This Stuffed Squid Recipe Is a Must for Seafood Lovers in Westchester

This stuffed squid recipe is delicious with a subtle, nutty flavor and takes under an hour to whip together.

Sharing recipes is time-honored tradition for many families who pass culinary records down through the generations. That practice is especially true for families who stay in the food business.

Third-generation lobster fisherman Anthony DiMeglio, proprietor of Dobbs Ferry Lobster Guys, turns to his father when it comes to old-world recipes. A former restaurant owner and chef, Captain Carl offered Westchester Magazine three seafood recipes, such as the stuffed squid recipe below, the tempting wild-caught striped bass pizzaiola, and the upcoming lobster sauce recipe.

All of these recipes are easy to make and can be completed in less than an hour.

For those who enjoy squid, it’s no surprise that this deep-water cephalopod can be tender but also difficult to chew when cooked incorrectly. Though cooking squid (calamari) requires a certain amount of knowhow, this recipe provides a gateway to more calamari dishes you’ll want to make.

It turns out that the science behind a cooked squid’s tenderness (or toughness) lies in a type of protein (collagen) found throughout the squid’s body. The collagen that allows mollusks to move with speed and flexibility in the natural world can also make for lacrosse-ball toughness when over-cooked or under-cooked. Fried calamari, for example, calls for quick hands (first battered or breaded, then 2-3 minutes in hot oil), whereas this stuffed squid recipe requires a longer cooking time (about 20 minutes) as outlined below.

Using the extended time, the collagen in the squid’s body converts to a gelatin that lubricates the tough tissue, making the squid tender while at the same time heating the dish’s savory stuffing.

Another key factor to cooking squid is freshness. Anthony DiMeglio, whose shop on Dobbs Ferry’s Main Street offers some of the area’s best wild-caught fish and shellfish, recommends “fresh, never frozen” for this recipe.

This recipe is an offering from the DiMeglio family-owned lobster business, which began sailing from Brooklyn’s Mill Basin back in the 1960s. The resulting dishes are wholesome, packed with flavor, and often served with fresh pasta. The combination of wild-caught seafood and flavorful ingredients makes these recipes worth revisiting.

Scrumptious Stuffed Squid

Course: EntreeCuisine: Seafood, ItalianDifficulty: Medium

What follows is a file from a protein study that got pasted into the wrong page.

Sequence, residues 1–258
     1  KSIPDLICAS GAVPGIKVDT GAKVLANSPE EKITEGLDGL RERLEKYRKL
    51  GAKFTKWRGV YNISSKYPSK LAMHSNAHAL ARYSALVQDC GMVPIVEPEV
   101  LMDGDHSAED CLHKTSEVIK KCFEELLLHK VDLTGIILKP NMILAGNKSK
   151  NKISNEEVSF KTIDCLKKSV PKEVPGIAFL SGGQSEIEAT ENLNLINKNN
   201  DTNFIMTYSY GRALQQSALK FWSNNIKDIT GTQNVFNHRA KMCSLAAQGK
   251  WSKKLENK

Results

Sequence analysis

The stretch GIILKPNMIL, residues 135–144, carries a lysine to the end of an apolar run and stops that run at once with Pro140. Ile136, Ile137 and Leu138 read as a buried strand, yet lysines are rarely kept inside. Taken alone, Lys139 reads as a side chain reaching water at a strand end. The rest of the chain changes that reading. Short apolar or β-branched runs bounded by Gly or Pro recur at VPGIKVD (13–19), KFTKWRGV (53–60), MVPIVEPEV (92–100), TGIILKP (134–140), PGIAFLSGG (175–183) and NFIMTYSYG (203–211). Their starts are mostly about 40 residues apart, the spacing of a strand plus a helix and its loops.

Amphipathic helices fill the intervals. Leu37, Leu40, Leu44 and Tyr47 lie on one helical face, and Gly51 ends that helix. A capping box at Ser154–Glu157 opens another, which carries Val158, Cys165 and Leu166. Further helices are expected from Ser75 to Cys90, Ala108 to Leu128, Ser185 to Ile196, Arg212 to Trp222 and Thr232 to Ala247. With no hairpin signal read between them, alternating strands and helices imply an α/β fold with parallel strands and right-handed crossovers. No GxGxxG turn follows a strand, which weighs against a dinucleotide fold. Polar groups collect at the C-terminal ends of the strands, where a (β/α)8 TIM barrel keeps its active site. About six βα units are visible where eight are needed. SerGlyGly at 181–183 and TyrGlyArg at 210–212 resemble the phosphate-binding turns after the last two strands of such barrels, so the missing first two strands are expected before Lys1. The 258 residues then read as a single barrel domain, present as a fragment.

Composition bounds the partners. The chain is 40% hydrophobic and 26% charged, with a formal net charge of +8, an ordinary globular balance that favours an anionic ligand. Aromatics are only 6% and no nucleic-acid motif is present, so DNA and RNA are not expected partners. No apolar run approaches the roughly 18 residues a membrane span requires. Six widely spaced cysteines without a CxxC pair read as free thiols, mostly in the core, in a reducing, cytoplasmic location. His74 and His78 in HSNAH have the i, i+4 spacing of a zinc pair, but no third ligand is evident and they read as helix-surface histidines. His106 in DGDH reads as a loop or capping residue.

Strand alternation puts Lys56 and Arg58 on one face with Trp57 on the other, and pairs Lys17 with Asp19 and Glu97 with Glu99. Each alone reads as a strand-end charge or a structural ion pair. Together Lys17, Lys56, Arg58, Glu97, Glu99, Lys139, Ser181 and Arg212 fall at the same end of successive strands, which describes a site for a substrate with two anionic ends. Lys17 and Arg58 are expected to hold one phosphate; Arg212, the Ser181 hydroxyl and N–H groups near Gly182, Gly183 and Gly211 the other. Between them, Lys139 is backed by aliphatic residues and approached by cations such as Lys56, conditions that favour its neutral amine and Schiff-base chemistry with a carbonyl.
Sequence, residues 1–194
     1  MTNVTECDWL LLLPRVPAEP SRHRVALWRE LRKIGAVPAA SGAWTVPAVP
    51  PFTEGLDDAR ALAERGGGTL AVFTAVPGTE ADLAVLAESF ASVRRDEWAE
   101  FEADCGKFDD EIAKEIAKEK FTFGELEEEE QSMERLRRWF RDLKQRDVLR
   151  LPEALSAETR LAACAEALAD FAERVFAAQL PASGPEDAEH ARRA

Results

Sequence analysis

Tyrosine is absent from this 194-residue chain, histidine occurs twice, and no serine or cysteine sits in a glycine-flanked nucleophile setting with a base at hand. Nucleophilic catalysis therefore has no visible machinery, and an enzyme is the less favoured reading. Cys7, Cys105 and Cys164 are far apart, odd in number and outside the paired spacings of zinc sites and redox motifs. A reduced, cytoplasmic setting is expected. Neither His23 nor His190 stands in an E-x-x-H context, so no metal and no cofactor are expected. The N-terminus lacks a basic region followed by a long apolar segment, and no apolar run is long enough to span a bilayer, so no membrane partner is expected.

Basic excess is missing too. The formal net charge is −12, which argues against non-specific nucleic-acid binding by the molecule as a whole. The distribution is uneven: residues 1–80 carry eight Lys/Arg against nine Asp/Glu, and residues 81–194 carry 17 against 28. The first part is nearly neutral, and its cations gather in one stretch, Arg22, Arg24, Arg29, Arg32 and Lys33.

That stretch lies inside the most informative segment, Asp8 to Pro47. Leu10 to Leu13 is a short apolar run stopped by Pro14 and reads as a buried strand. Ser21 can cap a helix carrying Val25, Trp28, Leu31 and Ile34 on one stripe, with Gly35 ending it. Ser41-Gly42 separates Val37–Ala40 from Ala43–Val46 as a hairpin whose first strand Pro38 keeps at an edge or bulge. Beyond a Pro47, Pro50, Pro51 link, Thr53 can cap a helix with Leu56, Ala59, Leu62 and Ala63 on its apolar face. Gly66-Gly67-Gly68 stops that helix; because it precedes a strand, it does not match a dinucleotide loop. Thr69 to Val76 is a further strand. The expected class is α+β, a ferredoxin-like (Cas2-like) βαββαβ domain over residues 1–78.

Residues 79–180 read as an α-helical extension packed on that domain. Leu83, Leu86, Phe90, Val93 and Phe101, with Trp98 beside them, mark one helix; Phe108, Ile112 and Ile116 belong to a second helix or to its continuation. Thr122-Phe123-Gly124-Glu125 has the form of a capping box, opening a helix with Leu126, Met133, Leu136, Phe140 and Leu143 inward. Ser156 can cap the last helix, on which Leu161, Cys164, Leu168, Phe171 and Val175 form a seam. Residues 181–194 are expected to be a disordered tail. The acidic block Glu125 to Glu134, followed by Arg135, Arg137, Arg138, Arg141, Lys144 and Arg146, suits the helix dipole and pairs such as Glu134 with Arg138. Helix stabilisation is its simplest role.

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Simple with a subtle, nutty flavor, the calamari can be accompanied by any number of lighter side dishes, including salad or sautéed vegetables.


  • 4 large, whole fresh squid (about 6 inches long)

  • 2-3 Tablespoons olive oil for frying

  • 2 (28-ounce) cans of tomato sauce

  • 1 cup Italian seasoned bread crumbs

  • 5 large deveined shrimp, chopped

  • 4 medium eggs

  • 10 pignoli/pine nuts, chopped

  • 1 Tablespoon flat-leaf parsley, chopped

  • ½ Tablespoon fresh garlic, chopped


  • Though cleaned squid is available in many stores, cleaning a whole squid is easy.  Do this by grasping the tail end of the squid, gently twisting off the head, and removing innards and interior cartilage. The skin may be left or removed. Leave the body of the squid whole.
  • In a large bowl, combine bread crumbs, chopped shrimp, eggs, chopped pignoli/pine nuts, parsley, and garlic. Let the stuffing sit for about 5 minutes.
  • Fill each squid tube ¾ full with the stuffing and close ends with a toothpick. Be careful to leave space at the top of the tube to prevent the squid from splitting open when frying.
  • Over medium heat, add the olive oil to a frying pan large enough for all four squid. Once the oil is hot, carefully add the stuffed squid to the pan. Cook each side of the squid (about 3 minutes per side).
  • Reduce the heat. Add the tomato sauce and cover. Simmer the squid for about a ½ hour. Gently flip the stuffed squid two or three times while cooking.
  • Salt to taste. Serve stuffed squid warm with the tomato sauce and accompaniment of your choice.

Related: These Cooking Classes Are Hot Tickets for Westchester Foodies

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